School’s Liability for a Student’s Suicide

Officials who hear of a student’s suicide threat may be liable for the minor’s later suicide.

Church Law and Tax 1997-07-01

Personal Injuries-on Church Property or During Church Activities

Key Point. School or church officials who receive a report of a minors suicide threat may or may not be liable for the minors later suicide, depending on how they respond to this information.

• An Illinois court ruled that a school was not legally responsible for the suicide of a student, despite the fact that it was aware of a suicide threat made by the student. The facts of this case are tragic, but instructive. A high school student told other students that he was going to kill himself. He also wrote a suicide note. Several students reported the victims intentions to a school counselor. The counselor questioned the victim, but took no action other than to call the victims mother and suggest that she take her son to a hospital for drug overdose treatment. The counselor did not inform the mother of the victims suicide threats. The mother picked her son up from school, and while driving him to a hospital he jumped from the car and later leapt off a highway overpass, killing himself. The mother later sued the school, claiming that it was responsible for her sons death by failing to exercise reasonable care for his safety. She insisted that the school should have called an ambulance or other medical personnel, informed her of his threat to commit suicide, and implemented a suicide prevention program. A state appeals court rejected the mothers lawsuit. The court concluded that teachers and school officials who serve in loco parentis (in the place of the parents) are immune from liability under Illinois law for their ordinary negligence. They may be legally responsible only for their willful and wanton misconduct. The court ruled that the acts of the school or its counselor did not satisfy this standard:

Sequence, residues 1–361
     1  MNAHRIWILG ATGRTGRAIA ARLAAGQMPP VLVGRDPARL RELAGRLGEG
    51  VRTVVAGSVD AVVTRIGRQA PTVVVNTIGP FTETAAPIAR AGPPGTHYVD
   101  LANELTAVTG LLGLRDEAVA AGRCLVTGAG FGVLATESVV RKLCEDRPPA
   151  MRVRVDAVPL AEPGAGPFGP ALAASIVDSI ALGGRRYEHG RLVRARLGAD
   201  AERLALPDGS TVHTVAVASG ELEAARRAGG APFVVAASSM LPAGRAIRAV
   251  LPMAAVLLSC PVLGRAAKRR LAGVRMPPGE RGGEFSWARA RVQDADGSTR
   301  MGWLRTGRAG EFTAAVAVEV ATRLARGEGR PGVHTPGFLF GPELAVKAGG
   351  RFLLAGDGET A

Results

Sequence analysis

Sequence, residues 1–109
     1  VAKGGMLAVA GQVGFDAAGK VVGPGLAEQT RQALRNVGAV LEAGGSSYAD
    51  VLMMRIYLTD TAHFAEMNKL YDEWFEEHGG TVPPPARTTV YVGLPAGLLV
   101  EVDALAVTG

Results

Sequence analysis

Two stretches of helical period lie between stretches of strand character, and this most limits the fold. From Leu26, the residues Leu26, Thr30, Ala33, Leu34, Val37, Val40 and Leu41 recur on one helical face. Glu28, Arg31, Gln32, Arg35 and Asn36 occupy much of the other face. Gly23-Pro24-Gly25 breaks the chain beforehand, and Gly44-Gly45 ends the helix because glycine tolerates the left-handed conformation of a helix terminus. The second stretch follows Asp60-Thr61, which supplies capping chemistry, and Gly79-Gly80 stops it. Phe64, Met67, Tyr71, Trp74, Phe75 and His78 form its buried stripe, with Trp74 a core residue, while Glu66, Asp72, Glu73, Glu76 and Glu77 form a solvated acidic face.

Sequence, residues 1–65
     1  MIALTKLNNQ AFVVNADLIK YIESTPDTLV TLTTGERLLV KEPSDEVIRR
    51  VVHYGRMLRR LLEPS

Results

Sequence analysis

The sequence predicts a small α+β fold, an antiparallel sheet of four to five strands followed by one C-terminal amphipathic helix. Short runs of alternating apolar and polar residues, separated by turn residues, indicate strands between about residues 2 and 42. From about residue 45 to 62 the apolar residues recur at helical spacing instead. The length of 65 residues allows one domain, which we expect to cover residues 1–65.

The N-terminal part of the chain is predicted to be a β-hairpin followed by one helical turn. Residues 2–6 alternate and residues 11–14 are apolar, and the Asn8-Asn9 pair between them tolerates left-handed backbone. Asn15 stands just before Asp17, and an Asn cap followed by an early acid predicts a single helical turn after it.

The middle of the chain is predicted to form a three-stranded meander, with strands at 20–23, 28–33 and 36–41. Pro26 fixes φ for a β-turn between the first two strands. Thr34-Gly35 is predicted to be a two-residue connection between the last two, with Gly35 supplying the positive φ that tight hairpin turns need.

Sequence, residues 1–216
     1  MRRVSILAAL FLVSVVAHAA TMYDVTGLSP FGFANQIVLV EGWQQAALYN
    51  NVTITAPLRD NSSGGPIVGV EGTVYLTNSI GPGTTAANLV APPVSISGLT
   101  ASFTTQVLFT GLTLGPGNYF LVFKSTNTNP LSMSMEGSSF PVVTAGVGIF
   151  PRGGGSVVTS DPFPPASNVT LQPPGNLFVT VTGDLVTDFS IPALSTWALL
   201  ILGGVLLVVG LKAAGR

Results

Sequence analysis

The suicide of a teenage is tragic. School counselors and other school personnel should take every suicide threat seriously and take every precaution to protect the child. If [the counselor] had failed to take any action upon learning of [the victims] statements, her inaction could constitute willful and wanton conduct. However, the [lawsuit] admits that [the counselor] contacted [the mother] and advised her to take [her son] to the hospital, albeit for a drug overdose. While the nondisclosure of [the victims] suicide threats, if proven, could well constitute negligence, the [mother] has failed to allege sufficient facts that would support a finding that either [the counselor] or any other school official acted with [willful or wanton misconduct].

Application. This case addresses a difficult question-the potential legal liability of school officials for the suicide of a student. The court reached a number of conclusions that will be useful to church leaders, whether or not they operate a private school: (1) In many states, teachers are considered to be in loco parentis , meaning that they serve temporarily in the place of a students parents. This ordinarily means that they cannot be legally responsible for injuries to a student unless they engage in willful and wanton misconduct. Obviously, this is a difficult standard to prove. Persons who serve as teachers in church schools may benefit from this rule. Other church workers may as well, to the extent that they satisfy their states definition of in loco parentis. (2) Church or school staff members who do not serve in loco parentis may be responsible for a childs death or injury on the basis of ordinary negligence-a much easier standard to prove. (3) The court concluded that “doing nothing” in response to a suicide threat constitutes willful and wanton misconduct which exposes teachers to liability. The court noted that the counselor took sufficient steps in response to the victims suicide threat to avoid liability based on willful and wanton misconduct. However, the court noted that the counselors failure to advise the victims mother of the suicide threat was negligent. While this was not sufficient to impose liability on the counselor, it would have been enough to impose liability on a person not meeting the definition of in loco parentis. Grant v. Board of Trustees, 676 N.E.2d 705 (Ill. App. 1997). [Legal Liability for Student Injuries]

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